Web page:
The curious thing is that it has been linked with another presentation device: to repeat as though new something which has been announced several times before. I pointed this out in the debate last week, as the noble Baroness will recall. And what do we find today? A large chunk of the noble Baroness's speech is a repetition of what was in the Chancellor of the Exchequer's last Budget speech as though it were new. Even stranger perhaps, the wording of the gracious Speech seems reminiscent of what was said only a few days before in the prorogation speech. The general presentation of government policy--it is an important parliamentary matter--gives some cause for concern.

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I said that I wished to concentrate on social security issues. However, perhaps I may say a few words on some of the other points raised. There has been much publicity in the past few days as regards the European Union and tax harmonisation. I had much sympathy with the view put forward by the noble Lord, Lord Stoddart, who pointed out that the whole basis of our parliamentary system, albeit now largely the responsibility of the House of Commons, rests on the control of money--the granting of supply, in particular the ability to raise taxes or to make expenditure. If that is being shifted elsewhere by way of tax harmonisation, inevitably the power of Parliament must be reduced. That is worrying.

I was somewhat worried by the Chancellor of the Exchequer's broadcast this morning. When talking about tax harmonisation he seemed to be totally unaware of the situation with regard to valued added tax and the sixth directive. When winding up, perhaps the Minister will tell us the up-to-date position as regards our resisting any proposal to remove zero rating on value added tax. I declare some historic interest since it was a tax that I had the pleasure--it is not quite the right word--of steering through the House of Commons originally. We need to know exactly how much control we still have.

In many ways this is a difficult debate because it has covered such a wide range of issues: industry, economic and social affairs. But there has been a fascinating debate within a debate which was started about halfway through the proceedings by my noble friend Lord Skidelsky and taken up by a number of noble Lords, in particular the noble Lords, Lord Shore and Lord Desai. It raised a number of important issues. Given my history I am tempted to go into the matter. However, I shall pick up only one important point which links the economic situation to social security. My noble friend Lord Skidelsky is, I think, universally recognised as probably the greatest authority on Lord Keynes. I pointed out recently that Lord Keynes's views are becoming more and more fashionable under the present Government. Lord Keynes was remarkable in his general theory of bringing together the important relationship between savings and investment--not ex post savings and investment, which are always equal, but the disparity between ex ante savings and investments.

In that context the way in which the Government are developing their policy of more and more means testing is creating a serious deterrent to saving. People within a wide range of incomes will feel that if they are to have this kind of social security system they will not find themselves any better off if they save than those who are more profligate, do not save, and end up on the social security system. That covers quite a wide range of issues. I see some assent from noble Lords opposite.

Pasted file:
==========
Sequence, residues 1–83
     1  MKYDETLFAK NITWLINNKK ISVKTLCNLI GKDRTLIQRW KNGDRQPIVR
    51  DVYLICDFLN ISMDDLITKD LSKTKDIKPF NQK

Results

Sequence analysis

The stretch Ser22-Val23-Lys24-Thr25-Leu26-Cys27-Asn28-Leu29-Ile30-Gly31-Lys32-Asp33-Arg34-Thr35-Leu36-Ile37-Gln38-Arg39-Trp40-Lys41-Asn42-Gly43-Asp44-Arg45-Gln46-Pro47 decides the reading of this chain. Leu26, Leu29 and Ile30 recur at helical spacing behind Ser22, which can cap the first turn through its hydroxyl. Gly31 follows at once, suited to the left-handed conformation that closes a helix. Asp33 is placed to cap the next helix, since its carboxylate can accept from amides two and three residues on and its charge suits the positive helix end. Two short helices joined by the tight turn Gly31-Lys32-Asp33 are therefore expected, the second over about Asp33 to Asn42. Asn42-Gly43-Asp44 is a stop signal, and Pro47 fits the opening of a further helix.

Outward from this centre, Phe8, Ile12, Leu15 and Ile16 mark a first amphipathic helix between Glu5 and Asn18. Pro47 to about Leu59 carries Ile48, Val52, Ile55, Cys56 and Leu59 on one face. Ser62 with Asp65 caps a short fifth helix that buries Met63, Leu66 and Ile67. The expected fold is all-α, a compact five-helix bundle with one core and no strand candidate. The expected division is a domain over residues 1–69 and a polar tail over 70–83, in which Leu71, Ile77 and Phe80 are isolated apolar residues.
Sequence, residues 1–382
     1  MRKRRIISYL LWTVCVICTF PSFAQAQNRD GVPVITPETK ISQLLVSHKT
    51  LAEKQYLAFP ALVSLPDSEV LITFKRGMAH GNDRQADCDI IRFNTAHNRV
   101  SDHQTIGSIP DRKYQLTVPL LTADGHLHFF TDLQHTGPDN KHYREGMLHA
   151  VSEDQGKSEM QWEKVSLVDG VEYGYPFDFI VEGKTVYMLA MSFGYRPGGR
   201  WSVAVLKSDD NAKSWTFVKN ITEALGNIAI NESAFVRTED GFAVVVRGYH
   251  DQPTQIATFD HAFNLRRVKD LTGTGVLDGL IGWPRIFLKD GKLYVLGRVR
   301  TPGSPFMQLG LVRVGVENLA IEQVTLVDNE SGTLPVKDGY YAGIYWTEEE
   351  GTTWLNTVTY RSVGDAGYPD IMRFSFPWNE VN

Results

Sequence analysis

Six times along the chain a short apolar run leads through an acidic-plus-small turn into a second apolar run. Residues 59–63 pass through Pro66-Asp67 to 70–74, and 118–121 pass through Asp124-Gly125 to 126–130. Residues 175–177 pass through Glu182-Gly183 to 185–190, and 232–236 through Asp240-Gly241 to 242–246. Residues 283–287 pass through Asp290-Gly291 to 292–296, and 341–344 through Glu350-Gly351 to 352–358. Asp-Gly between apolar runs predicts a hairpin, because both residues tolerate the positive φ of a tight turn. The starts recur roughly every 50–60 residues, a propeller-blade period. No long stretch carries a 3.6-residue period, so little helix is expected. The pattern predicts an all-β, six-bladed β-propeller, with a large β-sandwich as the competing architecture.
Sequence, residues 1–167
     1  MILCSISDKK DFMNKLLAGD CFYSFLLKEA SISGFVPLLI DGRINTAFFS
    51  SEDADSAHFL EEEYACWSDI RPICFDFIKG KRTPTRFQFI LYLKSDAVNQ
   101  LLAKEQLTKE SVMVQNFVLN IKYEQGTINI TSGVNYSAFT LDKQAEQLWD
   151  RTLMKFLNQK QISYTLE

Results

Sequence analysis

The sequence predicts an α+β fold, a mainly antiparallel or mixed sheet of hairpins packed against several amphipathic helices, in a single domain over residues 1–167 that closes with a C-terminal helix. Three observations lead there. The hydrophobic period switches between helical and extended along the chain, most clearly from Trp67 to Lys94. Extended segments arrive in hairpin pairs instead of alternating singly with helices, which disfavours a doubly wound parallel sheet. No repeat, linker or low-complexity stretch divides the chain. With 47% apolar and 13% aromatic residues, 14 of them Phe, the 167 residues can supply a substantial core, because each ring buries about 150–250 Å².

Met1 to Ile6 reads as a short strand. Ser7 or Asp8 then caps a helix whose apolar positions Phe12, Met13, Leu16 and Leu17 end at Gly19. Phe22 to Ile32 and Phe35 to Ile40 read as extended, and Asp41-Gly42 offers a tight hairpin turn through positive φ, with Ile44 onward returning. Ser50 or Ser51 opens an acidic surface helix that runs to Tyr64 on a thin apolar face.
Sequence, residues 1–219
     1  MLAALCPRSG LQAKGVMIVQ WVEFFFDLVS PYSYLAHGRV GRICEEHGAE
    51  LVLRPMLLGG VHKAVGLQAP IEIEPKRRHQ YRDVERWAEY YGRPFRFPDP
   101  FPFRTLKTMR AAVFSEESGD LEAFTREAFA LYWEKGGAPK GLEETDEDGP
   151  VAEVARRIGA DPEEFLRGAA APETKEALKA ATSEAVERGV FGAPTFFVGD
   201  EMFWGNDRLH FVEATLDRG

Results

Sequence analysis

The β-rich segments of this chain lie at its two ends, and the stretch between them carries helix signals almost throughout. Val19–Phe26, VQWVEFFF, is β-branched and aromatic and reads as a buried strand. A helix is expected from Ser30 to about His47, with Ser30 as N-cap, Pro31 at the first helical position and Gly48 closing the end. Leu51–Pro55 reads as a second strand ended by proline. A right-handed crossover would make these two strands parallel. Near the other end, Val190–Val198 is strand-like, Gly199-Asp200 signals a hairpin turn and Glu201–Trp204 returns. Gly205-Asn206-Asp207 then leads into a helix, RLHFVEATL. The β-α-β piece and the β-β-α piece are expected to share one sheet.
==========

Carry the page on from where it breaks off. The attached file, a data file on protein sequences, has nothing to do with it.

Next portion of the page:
It is equally true in relation to those making provisions for pensions. There will be a serious danger that unless people receive a very large pension, they may well feel that it is scarcely worth contributing because they will end up on means-tested benefits. Therefore, that is a particular aspect of the matter--the

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link between the economic side of things and the whole question of savings and investment with the social security system.

I turn to the main points about the Government's welfare reform programme. It is becoming increasingly clear now what the outlines are. In my view it is also absolutely clear that it is not the programme on which they fought the election. They were very clear then. There was speech after speech by the present Prime Minister, when he was in opposition, saying very clearly, "Our intention is to cut the social security budget in order to spend more on health and education." It is absolutely clear that they have failed in that attempt. Indeed, far from being cut, the social security budget has gone up and up. It would be helpful if the Government would admit that that is so because at the moment it is clouding the entire debate on welfare reform.

Of course, it has been said, "We did not say we were going to cut it absolutely. We were merely going to cut it as a percentage of GNP or as percentage of spending." At Question Time the noble Lord, Lord McIntosh of Haringey, was saying just that. I can find absolutely no trace whatever of any statement by any Minister of the present Government in opposition, or in the manifesto, saying that they meant they would merely cut it as a percentage of GNP or of public spending. If that is wrong, perhaps the noble Baroness will write to me and tell me so.

The reality is that even in terms of a percentage of one or other of those two variables, the Government still are not succeeding. There are a number of reasons. If anything, the actions they have taken have increased expenditure on social security--notably £1.5 billion on the working families tax credit.

The relationship in terms of a percentage of national income is going in the wrong direction because the Chancellor has admitted that the growth rate will be significantly less than what he first predicted. Therefore, on both those grounds, the Government have not succeeded in what they said they were going to do. We shall now see an increasing number of relatively minor matters which are considerably to the disadvantage of particular groups of people.